Red Bucket Farm is an urban farm on a quarter acre property in an average residential neighborhood. We are located in Wisconsin, USDA Zone 5. We focus on chickens, bees, orchard fruit, and raised garden beds for fruits and veggies. We hope to reduce our footprint on the planet by growing some of our food, reducing our use of fossil fuels, and gardening with sustainable practices. Thanks for visiting!

Wednesday, July 27, 2011

Tomato Early Blight

Last summer, I lost all eight of my Roma tomato plants to early blight. Around mid-summer, the plants wilted dramatically. It was a common problem in our area, and a friend told me that early blight was best solved by destroying the plants before it spread to any others. I removed all the Roma tomato plants; only two cherry tomato plants survived.
I thought that blight was spread through the soil, so when I planted this year's tomato plants, they went into a brand new raised bed with new soil. But there are no gardening guarantees, and a few weeks ago I noticed that a few of my Amish Paste tomato plants were drooping. In the photo above, you'll see that the plants on the right are healthy, but a few of the middle plants are rather weak looking. By the way, the cherry tomatoes appear unaffected, although it may be coincidence.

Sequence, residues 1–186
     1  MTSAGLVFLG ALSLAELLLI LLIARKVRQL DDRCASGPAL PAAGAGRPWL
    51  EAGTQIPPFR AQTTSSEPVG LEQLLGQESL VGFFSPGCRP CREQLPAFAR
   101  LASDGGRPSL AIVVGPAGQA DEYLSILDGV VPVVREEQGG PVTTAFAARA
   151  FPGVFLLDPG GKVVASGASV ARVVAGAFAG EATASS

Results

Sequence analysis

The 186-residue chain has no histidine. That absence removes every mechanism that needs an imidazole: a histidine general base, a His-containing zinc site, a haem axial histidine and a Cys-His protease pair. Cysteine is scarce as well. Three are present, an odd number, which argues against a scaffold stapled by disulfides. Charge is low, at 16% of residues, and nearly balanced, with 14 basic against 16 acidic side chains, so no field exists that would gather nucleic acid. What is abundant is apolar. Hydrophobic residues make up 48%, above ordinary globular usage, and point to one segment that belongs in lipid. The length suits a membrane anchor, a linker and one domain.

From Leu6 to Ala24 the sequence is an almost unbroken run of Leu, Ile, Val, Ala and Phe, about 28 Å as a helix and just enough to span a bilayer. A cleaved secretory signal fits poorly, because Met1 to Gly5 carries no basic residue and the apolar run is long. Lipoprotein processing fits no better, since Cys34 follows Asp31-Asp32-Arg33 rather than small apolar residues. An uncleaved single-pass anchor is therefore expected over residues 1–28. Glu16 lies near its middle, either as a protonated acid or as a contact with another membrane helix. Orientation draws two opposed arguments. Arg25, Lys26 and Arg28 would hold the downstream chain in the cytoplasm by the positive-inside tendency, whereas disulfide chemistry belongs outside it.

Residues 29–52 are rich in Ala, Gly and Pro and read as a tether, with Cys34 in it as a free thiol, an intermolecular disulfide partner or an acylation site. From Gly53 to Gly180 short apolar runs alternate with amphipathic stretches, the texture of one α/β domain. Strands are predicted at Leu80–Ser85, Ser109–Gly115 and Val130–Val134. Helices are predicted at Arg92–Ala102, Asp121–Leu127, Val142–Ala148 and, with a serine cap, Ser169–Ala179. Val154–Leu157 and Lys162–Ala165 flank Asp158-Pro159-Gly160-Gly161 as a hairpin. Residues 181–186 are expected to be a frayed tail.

I did a little internet research, later corroborated at my local garden center, which recommended the use of copper fungicide for early blight. This fungicide is not harmful to my bees or chickens, so I mixed some in my pump sprayer and applied one dose before vacation. Eric applied a second dose while I was gone, and yesterday I gave them a third dose.
This is certainly not a miracle cure, but the plants have not died nor has the blight spread to other nearby plants. Tomatoes continue to grow and ripen on the affected vines. It doesn't look great, but it's not disaster either.

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